Yoder & Frey Auctioneers, Inc. v. EquipmentFacts, LLC, 2014 U.S. App. LEXIS 24301 (6th Cir. Dec. 22, 2014):
Defendant, EquipmentFacts, LLC ("Efacts"), appeals from the judgment entered by the United States District Court for the Northern District of Ohio imposing liability and damages in a civil suit brought by Plaintiffs, Yoder & Frey Auctioneers, Inc. (Yoder & Frey) and RealtimeBid.com, LLC ("RTB"). Specifically, Efacts appeals from the district court's denial of spoliation sanctions; denial of hearsay objections to various documents produced by internet service providers; denial of summary judgment and judgment [*2] as a matter of law on Plaintiffs' Computer Fraud and Abuse Act ("CFAA") claim; and imposition of sanctions under Federal Rule of Civil Procedure 37. For the reasons set forth below, we AFFIRM the district court's decisions.
Yoder & Frey is an Ohio company that hosts auctions for used construction equipment. Its largest and most profitable auction is held annually in Florida. Efacts is a New Jersey company owned by Lawrence Garafola that provides auctioneers with online bidding platforms. In 2003, Yoder & Frey began offering the opportunity for buyers to submit live bids over the Internet during the Florida auction, and it contracted with Efacts to provide online bidding services for that purpose. As part of this relationship, Efacts received, stored, and maintained confidential customer information relating to Yoder & Frey's auctions. In early 2008, however, the companies had an acrimonious falling out and Yoder & Frey terminated the contract.
At this point, Yoder & Frey hired RTB, another online bidding services company. RTB created a custom online auction platform and used that software during Yoder & Frey's Florida auction in 2010, which took place from February 8 through February 16, 2010. As part of [*3] its services, RTB accepted online bidder applications and, in conjunction with Yoder & Frey, reviewed and approved prospective bidders who wished to participate in the auction.
At trial, Plaintiffs presented evidence that on February 7, 8, and 9, 2010, Efacts accessed the RTB bidding platform without authorization by utilizing an RTB administrative username ("test") and password ("test"). The platform recognized this administrative login as bidder number 100051. Specifically, it was Efacts' owner Garafola who improperly accessed the auction. He was aware of the username and password combination from Efacts' prior relationship with Yoder & Frey. Bidder number 100051 submitted two winning bids with a combined price of $41,000 for which it did not pay.
Plaintiffs also put forth evidence that on February 10 and 11, 2010, an Efacts employee gained unauthorized access to the RTB auction platform by posing as one of Yoder & Frey's customers, Allied Erecting.1 During the auction, "Allied Erecting" was assigned bidder number 102703. In that two-day span, the employee placed eighteen winning online bids with a combined purchase price of $1,212,074 for which neither she nor Efacts paid.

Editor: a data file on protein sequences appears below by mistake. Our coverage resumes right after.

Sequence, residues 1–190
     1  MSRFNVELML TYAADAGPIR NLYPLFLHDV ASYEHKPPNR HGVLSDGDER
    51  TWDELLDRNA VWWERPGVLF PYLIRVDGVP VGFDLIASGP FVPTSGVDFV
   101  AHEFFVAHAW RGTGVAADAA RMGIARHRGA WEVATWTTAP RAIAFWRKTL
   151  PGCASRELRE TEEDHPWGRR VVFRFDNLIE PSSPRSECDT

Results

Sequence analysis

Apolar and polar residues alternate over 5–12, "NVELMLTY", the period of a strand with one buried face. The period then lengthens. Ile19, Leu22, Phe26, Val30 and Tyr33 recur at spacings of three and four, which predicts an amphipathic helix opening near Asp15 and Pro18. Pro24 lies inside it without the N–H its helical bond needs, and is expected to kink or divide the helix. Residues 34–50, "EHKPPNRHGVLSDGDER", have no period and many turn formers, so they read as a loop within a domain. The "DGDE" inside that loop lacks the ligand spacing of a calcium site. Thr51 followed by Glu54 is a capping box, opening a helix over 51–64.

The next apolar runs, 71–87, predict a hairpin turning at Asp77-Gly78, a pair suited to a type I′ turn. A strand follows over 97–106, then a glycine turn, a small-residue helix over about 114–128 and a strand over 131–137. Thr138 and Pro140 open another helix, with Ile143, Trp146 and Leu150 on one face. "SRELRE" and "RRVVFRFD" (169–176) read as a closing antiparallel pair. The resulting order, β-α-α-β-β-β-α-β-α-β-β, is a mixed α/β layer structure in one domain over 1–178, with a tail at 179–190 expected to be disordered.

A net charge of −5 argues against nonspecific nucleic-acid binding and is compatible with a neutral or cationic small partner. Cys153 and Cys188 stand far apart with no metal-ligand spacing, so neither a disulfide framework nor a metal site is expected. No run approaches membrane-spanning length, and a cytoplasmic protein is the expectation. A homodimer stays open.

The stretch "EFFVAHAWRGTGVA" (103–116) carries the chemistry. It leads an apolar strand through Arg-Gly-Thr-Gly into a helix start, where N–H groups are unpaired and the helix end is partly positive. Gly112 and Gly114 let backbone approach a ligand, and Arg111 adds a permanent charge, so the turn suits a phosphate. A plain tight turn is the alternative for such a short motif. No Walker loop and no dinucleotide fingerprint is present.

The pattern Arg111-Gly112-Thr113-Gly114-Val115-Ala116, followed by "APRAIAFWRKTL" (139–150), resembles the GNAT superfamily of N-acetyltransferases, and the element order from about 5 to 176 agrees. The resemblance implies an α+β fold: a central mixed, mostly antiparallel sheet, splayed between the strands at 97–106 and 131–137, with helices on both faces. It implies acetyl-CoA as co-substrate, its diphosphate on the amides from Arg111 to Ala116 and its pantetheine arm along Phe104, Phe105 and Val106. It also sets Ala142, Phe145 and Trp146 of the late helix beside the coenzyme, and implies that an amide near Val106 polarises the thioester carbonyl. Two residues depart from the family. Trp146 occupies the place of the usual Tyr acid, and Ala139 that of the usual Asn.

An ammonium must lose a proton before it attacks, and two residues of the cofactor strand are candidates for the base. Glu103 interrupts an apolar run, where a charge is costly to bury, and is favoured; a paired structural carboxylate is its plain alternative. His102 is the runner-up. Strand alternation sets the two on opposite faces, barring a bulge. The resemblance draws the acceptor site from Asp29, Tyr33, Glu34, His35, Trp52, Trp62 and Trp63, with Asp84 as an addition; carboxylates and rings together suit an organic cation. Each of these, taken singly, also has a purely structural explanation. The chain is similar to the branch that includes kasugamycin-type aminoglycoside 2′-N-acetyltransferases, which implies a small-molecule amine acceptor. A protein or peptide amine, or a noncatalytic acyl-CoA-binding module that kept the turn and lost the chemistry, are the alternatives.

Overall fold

1 The actual [*4] customer neither authorized nor knew of the use of its name and information. The employee registered for the online auction posing as this customer using information learned from Efacts' prior relationship with Yoder & Frey.
Plaintiffs only learned of Efacts' unauthorized access after contacting Allied Erecting for payment of the eighteen items. Allied Erecting informed Yoder & Frey that it had not registered for the 2010 auction and had not placed any bids. After an exhaustive probe by Plaintiffs, it was confirmed that Allied Erecting had not registered and did not bid on the items, but that someone using Allied Erecting's information had gained access to and participated in the auction.
Knowing only that bidder numbers 102703 and 100051 had placed winning bids, Plaintiffs first had to determine the IP addresses from which the bids had been placed. To obtain this information, Justin Clark, who worked for both Yoder & Frey and RTB, contacted Rich Mavrogeanes, the owner of the server hosting the auction. Clark requested, and Mavrogeanes supplied, all the data from the server regarding the auction from February 6 through February 13, 2010, a total of over 35 million lines of information. [*5] The parties refer to this information as the IIS log or the digital log. It contained a record of all activity that took place on the online bidding system during the relevant time period.
Clark searched the digital log using various key words, including the two bidder numbers, the usernames and passwords for the two bidder numbers, and "Allied ER." During this investigation, Clark identified ten IP addresses that were associated with winning bids and other auction activity. Having identified ten suspicious IP addresses, subpoenas were issued to internet service providers ("ISPs") Covad, Century Link, and two Verizon companies, based on the dates and times that each bidding session started for each IP address. All ten IP addresses, including those utilized during the sessions when winning bids were placed, were traced to Efacts.
Upon learning this information, Yoder & Frey and RTB filed suit against Efacts. Following a jury trial of this cause, a verdict was rendered in Plaintiffs' favor. This timely appeal followed.
A. Spoliation Sanction